Kaycee “Red Menace” Sauce
Barbecue sauce is important in Missouri. St. Louis leads the nation in per capita sauce consumption, and Kansas City even hosts an annual sauce contest. Perhaps that’s why when most Americans hear “barbecue sauce” they think of the Missouri version—what you find at your grocery store, at chain restaurants, and on a McRib, for that matter. Oddly, you don’t find it at the Kansas City place that local boy Calvin Trillin famously declared to be “the single best restaurant in the world,” Arthur Bryant’s Barbecue, where the idiosyncratic sauce is long on the flavors of vinegar, black pepper, and onion. For a “Kansas City–style” sauce—tomato-based and very sweet, with a touch of heat—check out Bryant’s longtime rival, Gates and Sons Bar-B-Q. Ollie Gates says his sauce tastes good on broccoli. Cynics would say it tastes good on cardboard, and that’s why some of us don’t quite approve of it: You really can’t taste the meat it goes on. As Gary Wiviott says, sauces like Gates’s “can cover a multitude of sins,” so this is what to use if you’ve burned the chicken or undercooked the ribs. Food writer Hanna Raskin calls it a “sauce comb-over.” Barbecue blogger Meathead Goldwyn agrees; he says that sauces like these (“ketchup on steroids”) don’t penetrate the meat and “sit on top like frosting.” But he adds that when used as mops in the final minutes of cooking they caramelize well and add a nice glaze to ribs and chicken. Here’s an utterly typical Kansas City sauce, a lot like what Gates and Sons has served since 1946. (The bourbon’s not typical, but makes the sauce a lot more interesting.)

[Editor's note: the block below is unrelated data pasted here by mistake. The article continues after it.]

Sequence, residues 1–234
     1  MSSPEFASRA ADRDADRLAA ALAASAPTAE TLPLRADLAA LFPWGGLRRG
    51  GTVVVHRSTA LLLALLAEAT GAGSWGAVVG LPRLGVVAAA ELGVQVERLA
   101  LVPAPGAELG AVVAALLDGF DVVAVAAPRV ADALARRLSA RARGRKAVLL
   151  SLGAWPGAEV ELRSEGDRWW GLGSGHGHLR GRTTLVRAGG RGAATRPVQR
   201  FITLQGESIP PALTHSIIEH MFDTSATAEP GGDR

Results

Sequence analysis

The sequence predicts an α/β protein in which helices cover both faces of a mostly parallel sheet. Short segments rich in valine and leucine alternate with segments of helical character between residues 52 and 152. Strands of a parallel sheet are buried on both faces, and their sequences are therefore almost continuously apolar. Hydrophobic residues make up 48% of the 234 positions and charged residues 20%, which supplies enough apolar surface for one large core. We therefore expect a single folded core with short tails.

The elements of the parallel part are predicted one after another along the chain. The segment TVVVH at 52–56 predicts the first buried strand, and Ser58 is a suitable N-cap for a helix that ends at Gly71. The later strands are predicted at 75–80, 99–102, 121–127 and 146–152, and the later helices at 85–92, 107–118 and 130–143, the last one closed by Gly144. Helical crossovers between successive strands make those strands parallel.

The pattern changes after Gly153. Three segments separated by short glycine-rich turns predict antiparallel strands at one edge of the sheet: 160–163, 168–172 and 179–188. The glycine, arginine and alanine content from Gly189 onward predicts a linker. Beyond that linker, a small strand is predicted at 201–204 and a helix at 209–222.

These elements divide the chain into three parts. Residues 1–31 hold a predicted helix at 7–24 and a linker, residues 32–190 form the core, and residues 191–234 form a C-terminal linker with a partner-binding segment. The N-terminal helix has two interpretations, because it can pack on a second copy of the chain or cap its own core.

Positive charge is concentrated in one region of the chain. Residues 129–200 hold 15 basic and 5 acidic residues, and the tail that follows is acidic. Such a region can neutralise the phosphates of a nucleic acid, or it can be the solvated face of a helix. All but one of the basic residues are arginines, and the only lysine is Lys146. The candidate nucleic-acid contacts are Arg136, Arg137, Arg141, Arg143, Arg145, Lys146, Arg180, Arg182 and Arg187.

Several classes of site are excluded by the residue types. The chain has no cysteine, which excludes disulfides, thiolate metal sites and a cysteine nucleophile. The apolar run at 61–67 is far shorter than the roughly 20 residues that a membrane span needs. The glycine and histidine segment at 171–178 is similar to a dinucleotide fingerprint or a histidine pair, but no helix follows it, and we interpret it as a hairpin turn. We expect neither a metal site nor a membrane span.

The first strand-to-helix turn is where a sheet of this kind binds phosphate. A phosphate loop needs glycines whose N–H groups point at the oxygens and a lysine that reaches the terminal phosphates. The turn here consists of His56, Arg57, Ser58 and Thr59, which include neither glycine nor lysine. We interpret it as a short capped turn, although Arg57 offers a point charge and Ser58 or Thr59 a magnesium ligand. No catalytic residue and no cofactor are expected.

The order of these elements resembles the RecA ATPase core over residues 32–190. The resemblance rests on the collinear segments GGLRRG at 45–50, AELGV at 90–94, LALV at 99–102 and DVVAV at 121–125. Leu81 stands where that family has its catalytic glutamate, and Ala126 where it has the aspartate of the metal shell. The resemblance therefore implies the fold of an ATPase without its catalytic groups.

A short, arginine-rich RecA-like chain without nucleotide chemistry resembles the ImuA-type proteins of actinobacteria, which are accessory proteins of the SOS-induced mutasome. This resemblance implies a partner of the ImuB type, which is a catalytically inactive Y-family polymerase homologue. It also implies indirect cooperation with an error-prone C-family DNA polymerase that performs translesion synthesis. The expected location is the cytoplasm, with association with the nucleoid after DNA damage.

Servings
1 1/2quarts
Servings
1 1/2quarts
Ingredients
Instructions
  1. Combine the ingredients in a saucepan and bring them to a boil over moderate heat.
  2. Reduce the heat and simmer for 25–30 minutes, stirring often. This freezes well.
Recipe Notes

From Barbecue: a Savor the South® cookbook by John Shelton Reed. Copyright © 2016 by the University of North Carolina Press.

Share this: